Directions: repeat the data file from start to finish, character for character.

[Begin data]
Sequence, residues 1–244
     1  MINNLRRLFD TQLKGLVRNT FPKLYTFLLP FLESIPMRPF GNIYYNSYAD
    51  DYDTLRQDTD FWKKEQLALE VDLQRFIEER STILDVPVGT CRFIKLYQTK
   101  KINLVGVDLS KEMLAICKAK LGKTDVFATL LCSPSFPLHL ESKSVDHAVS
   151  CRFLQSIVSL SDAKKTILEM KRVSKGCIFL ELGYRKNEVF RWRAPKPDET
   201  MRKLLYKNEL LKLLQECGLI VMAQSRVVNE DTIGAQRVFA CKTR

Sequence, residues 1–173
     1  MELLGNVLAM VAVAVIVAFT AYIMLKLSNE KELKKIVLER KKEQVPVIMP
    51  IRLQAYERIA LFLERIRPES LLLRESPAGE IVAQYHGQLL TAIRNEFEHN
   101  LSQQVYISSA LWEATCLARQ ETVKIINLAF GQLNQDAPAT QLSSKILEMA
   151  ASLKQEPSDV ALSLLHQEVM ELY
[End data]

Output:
Sequence, residues 1–244
     1  MINNLRRLFD TQLKGLVRNT FPKLYTFLLP FLESIPMRPF GNIYYNSYAD
    51  DYDTLRQDTD FWKKEQLALE VDLQRFIEER STILDVPVGT CRFIKLYQTK
   101  KINLVGVDLS KEMLAICKAK LGKTDVFATL LCSPSFPLHL ESKSVDHAVS
   151  CRFLQSIVSL SDAKKTILEM KRVSKGCIFL ELGYRKNEVF RWRAPKPDET
   201  MRKLLYKNEL LKLLQECGLI VMAQSRVVNE DTIGAQRVFA CKTR

Sequence, residues 1–173
     1  MELLGNVLAM VAVAVIVAFT AYIMLKLSNE KELKKIVLER KKEQVPVIMP
    51  IRLQAYERIA LFLERIRPES LLLRESPAGE IVAQYHGQLL TAIRNEFEHN
   101  LSQQVYISSA LWEATCLARQ ETVKIINLAF GQLNQDAPAT QLSSKILEMA
   151  ASLKQEPSDV ALSLLHQEVM ELY